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When things dont quite go to plan….South Africa

Date added: Monday 17th March 2014

Georgia Guerin

Written by Georgia Guerin on 6th March 2014. Georgia is currently Leaping in South Africa

We got slightly more adventure than we bargained for this weekend whilst in Sabie. All started well, soon after arriving (and settling in to our triple storey bunk beds) we set off to do the bridge swing (think along the lines of bungee attached to a bridge with swinging instead of bounce). At first about three quarters of us planned to take part and it looked like there was no way we would ever get the likes of Georgia and Tilly even up on the bridge. However through a lot of encouragement, hand holding and motivational talks it looked like we were going to get the whole team down. For some the adrenaline rush got the better of them and Deven landed herself in shall we say a ‘spot of bother' when she literally took ‘The Leap' off a cliff into the waterfall just below the bridge swing. As soon as Deven surfaced, she and the rest of us realised we had a serious situation on our hands. Helped to shallower waters by fellow jumpers Jason and Will, a massive amount of teamwork then took place to get Deven to the edge of the water whilst keeping her back stable (luckily there were a few trained lifeguards among us), and keeping her awake with spirits up (this involved much discussion about beer). When the (utterly useless) paramedic arrived the enormity ofThe bridge swing our task suddenly dawned, we had to carry Deven on a spinal board (with no straps, might as well have been a large tea tray) back up the very rocky cliff path to the road. Along with holding Deven in the water it was this climb that really exhibited some of the best teamwork I have ever seen, particularly as we were still so new to each other as a group.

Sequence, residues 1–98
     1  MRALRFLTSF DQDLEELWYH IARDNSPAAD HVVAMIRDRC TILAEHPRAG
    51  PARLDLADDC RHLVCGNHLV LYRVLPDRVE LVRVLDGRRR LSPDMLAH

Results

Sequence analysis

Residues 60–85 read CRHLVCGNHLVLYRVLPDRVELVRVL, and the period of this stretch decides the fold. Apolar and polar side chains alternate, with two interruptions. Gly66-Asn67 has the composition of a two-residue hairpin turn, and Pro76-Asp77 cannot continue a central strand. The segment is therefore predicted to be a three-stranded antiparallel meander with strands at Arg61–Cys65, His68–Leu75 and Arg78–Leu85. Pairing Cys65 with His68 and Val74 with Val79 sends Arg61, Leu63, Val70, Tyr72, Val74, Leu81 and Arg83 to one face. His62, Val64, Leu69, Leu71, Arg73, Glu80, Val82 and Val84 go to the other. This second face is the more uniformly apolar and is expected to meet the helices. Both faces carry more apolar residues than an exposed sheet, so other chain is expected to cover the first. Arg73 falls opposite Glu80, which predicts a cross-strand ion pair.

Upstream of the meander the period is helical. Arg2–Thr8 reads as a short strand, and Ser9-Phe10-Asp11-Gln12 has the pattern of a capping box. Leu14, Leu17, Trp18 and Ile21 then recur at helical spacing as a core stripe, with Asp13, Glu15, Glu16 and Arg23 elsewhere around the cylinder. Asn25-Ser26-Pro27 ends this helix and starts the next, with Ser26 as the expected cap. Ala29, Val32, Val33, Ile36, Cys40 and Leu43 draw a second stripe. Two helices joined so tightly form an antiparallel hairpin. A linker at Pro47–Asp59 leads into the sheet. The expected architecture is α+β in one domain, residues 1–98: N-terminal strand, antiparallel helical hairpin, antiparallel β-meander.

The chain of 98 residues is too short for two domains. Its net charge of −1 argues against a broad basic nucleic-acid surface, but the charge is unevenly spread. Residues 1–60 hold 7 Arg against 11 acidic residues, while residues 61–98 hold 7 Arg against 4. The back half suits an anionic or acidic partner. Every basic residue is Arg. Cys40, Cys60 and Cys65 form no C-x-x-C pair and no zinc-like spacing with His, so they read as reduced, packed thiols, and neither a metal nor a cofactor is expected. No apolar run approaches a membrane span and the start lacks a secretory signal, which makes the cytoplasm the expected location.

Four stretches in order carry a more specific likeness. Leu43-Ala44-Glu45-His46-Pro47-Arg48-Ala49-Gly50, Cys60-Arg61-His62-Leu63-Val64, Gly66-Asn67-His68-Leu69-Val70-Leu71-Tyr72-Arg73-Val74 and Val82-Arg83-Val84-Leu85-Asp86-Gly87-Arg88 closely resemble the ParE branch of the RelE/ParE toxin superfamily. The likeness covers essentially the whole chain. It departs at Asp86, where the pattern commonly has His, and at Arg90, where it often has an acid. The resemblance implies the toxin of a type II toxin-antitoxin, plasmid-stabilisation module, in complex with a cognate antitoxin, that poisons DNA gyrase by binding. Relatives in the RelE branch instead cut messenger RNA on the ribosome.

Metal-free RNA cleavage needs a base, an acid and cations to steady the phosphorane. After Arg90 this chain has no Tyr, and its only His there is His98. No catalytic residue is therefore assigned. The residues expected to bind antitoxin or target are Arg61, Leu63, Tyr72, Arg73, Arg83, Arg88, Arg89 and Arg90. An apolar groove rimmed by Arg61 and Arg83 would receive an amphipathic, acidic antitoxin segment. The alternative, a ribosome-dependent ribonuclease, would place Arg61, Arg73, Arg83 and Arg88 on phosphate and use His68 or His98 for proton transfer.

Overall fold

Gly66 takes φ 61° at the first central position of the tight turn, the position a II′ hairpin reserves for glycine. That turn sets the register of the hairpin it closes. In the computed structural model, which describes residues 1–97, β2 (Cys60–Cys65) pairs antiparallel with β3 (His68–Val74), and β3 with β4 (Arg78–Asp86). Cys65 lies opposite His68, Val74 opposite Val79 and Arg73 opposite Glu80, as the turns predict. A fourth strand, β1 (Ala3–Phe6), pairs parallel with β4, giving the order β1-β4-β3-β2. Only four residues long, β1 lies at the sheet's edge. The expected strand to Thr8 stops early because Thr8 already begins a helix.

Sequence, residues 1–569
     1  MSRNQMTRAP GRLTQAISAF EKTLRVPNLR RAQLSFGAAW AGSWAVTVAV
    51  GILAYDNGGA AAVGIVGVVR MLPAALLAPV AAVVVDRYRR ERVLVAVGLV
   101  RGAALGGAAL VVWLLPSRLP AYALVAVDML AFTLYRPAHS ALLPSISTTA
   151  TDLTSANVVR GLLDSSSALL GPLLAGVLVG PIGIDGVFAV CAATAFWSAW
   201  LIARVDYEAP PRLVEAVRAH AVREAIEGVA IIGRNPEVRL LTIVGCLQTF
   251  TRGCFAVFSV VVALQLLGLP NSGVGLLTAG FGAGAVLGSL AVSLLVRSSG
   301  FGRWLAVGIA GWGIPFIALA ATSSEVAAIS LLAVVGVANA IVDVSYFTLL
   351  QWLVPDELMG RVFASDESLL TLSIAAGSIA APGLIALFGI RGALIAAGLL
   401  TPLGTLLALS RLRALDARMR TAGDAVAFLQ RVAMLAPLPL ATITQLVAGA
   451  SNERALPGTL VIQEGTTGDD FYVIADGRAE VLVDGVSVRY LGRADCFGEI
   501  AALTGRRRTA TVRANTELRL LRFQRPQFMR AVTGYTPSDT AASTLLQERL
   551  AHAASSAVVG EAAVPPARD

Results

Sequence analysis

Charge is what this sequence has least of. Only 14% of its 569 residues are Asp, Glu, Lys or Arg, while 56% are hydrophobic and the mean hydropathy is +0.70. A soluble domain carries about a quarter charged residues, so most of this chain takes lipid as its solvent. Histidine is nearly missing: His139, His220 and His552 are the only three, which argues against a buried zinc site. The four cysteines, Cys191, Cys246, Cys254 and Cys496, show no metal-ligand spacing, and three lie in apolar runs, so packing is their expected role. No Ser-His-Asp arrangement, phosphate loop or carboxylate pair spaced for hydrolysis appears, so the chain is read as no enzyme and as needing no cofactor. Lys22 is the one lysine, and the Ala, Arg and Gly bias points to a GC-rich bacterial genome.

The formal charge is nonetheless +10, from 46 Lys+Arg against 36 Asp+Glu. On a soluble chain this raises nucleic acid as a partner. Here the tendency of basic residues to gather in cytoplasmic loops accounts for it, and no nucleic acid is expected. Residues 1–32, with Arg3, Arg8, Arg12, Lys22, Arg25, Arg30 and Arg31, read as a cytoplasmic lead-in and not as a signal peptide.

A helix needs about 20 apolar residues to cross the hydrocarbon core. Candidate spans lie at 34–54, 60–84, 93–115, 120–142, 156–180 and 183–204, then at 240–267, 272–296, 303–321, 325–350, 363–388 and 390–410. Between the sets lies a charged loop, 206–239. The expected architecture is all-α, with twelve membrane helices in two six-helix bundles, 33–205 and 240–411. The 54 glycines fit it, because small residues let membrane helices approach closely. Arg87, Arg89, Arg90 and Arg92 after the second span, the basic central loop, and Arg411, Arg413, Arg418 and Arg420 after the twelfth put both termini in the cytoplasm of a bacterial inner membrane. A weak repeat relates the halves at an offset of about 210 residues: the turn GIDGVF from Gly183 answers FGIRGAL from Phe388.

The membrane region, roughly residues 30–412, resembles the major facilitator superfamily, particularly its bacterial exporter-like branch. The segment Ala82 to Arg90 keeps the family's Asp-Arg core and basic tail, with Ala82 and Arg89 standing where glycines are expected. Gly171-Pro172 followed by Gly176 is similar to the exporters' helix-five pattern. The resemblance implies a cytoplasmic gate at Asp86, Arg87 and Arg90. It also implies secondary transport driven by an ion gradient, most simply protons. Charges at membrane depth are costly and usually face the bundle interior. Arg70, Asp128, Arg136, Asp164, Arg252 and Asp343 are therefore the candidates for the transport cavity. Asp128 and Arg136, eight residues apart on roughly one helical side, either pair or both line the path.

Deven was taken in the ambulance to hospital with a small entourage in tow (luckily we had Alice from The Leap visiting us and she was able to help with insurance stuff and managed to persuade the hospital into letting her stay overnight) and everyone else returned to where we were staying. The wait for news was the worst so when we were told it was just muscle damage and a few of us could go and see her the relief was amazing (I arrived at the hospital in my pyjamas and Gareth was definitely under the influence of alcohol, it was outside visiting hours and we were over the max number of visitors by three times at least, this was not a standard hospital like anywhere I had been before).

The next morning we all got up to go kloofing (what we thought was going to be a relaxing walk through a river to a waterfall but was actually a 4 hour swim, scramble and climb over rocks, down trees, up and down waterfalls and through water) which turned out to be the most fantastic fun with beautiful scenery, definitely worth doing if you are reading this going on a future SA leap! After the previous days events it was really good to be busy and it was great to see everyone working as a team to make sure everyone made it to the end. Some of the group also went caving by candlelight that evening which I have been told was good fun. At the end they had to navigate their way out without candle light; Hattie and Will were leading and Hattie almost got stuck in a hole she thought was a tunnel. The whole group ended up lost and covered in mud. Lizzie claimed it to be one of "the most TRAUMATIC experiences of [her] life".